1911 Encyclopædia Britannica/Mayhew, Henry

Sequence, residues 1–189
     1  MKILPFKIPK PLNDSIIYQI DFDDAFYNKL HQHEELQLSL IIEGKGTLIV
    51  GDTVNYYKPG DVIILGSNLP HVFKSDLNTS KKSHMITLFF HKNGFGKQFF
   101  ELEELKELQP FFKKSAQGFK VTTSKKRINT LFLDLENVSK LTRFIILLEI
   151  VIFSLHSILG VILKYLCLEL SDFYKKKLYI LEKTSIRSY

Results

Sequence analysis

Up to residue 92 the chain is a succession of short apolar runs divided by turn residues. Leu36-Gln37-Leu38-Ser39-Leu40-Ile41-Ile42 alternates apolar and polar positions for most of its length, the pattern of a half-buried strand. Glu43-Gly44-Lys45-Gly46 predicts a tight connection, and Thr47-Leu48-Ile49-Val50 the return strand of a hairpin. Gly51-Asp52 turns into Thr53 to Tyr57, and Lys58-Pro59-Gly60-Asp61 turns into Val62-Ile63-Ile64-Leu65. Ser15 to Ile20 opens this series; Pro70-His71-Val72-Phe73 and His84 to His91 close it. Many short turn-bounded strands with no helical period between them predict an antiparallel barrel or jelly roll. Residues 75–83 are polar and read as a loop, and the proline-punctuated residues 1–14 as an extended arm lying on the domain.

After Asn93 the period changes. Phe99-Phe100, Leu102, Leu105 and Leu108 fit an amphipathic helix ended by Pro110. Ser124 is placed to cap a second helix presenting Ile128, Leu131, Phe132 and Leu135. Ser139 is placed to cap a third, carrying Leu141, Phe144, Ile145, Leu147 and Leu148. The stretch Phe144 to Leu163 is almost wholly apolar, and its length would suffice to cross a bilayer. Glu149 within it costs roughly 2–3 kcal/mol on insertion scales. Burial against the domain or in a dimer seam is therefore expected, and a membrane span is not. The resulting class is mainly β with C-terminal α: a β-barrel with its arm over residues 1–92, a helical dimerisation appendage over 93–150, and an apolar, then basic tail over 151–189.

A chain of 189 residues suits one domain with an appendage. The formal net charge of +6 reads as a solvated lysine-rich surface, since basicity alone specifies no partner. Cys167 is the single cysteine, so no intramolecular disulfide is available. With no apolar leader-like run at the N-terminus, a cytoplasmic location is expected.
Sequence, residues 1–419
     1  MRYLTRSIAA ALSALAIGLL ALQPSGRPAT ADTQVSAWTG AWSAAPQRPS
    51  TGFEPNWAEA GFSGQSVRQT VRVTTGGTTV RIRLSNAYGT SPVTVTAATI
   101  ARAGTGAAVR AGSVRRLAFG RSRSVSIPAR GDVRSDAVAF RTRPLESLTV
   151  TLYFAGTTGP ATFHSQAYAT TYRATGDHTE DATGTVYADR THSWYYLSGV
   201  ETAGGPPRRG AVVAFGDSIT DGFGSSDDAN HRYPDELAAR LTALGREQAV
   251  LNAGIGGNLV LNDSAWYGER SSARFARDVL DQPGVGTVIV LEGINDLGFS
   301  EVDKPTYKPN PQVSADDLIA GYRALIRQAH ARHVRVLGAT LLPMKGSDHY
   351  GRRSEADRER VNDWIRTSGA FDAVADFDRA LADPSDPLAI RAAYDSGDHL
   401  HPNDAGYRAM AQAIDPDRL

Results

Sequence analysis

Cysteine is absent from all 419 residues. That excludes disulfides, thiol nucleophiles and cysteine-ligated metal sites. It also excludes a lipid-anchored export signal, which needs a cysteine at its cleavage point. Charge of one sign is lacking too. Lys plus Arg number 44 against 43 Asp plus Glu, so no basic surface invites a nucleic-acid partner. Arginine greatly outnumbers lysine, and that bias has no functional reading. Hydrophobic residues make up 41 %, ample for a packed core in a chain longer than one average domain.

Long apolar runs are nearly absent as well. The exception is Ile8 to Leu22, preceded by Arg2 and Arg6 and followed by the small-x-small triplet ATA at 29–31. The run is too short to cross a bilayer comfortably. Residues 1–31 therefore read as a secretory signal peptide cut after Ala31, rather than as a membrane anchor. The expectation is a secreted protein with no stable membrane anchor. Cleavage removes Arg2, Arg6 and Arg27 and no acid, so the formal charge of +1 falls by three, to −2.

MAYHEW, HENRY (1812–1887), English author and journalist, son of a London solicitor, was born in 1812. He was sent to Westminster school, but ran away to sea. He sailed to India, and on his return studied law for a short time under his father. He began his journalistic career by founding, with Gilbert à Beckett, in 1831, a weekly paper, Figaro in London. This was followed in 1832 by a short-lived paper called The Thief; and he produced one or two successful farces. His brothers Horace (1816–1872) and Augustus Septimus (1826–1875) were also journalists, and with them Henry occasionally collaborated, notably with the younger in The Greatest Plague of Life (1847) and in Acting Charades (1850). In 1841 Henry Mayhew was one of the leading spirits in the foundation of Punch, of which he was for the first two years joint-editor with Mark Lemon. He afterwards wrote on all kinds of subjects, and published a number of volumes of no permanent reputation—humorous stories, travel and practical handbooks. He is credited with being the first to “write up” the poverty side of London life from a philanthropic point of view; with the collaboration of John Binny and others he published London Labour and London Poor (1851; completed 1864) and other works on social and economic questions. He died in London, on the 25th of July 1887. Horace Mayhew was for some years sub-editor of Punch, and was the author of several humorous publications and plays. The books of Horace and Augustus Mayhew owe their survival chiefly to Cruikshank’s illustrations.